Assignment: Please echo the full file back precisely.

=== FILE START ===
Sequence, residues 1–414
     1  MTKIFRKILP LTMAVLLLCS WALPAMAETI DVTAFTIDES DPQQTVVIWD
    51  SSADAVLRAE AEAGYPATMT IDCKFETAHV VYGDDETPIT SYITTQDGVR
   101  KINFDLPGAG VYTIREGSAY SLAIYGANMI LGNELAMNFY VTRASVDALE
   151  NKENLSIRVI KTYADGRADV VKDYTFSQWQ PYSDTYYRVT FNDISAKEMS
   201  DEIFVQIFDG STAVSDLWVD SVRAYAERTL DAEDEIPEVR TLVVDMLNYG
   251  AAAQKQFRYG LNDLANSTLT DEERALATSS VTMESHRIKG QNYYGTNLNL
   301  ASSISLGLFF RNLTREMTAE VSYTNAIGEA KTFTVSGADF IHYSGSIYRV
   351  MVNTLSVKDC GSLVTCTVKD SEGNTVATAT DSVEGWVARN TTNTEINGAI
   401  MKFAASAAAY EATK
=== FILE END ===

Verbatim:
Sequence, residues 1–414
     1  MTKIFRKILP LTMAVLLLCS WALPAMAETI DVTAFTIDES DPQQTVVIWD
    51  SSADAVLRAE AEAGYPATMT IDCKFETAHV VYGDDETPIT SYITTQDGVR
   101  KINFDLPGAG VYTIREGSAY SLAIYGANMI LGNELAMNFY VTRASVDALE
   151  NKENLSIRVI KTYADGRADV VKDYTFSQWQ PYSDTYYRVT FNDISAKEMS
   201  DEIFVQIFDG STAVSDLWVD SVRAYAERTL DAEDEIPEVR TLVVDMLNYG
   251  AAAQKQFRYG LNDLANSTLT DEERALATSS VTMESHRIKG QNYYGTNLNL
   301  ASSISLGLFF RNLTREMTAE VSYTNAIGEA KTFTVSGADF IHYSGSIYRV
   351  MVNTLSVKDC GSLVTCTVKD SEGNTVATAT DSVEGWVARN TTNTEINGAI
   401  MKFAASAAAY EATK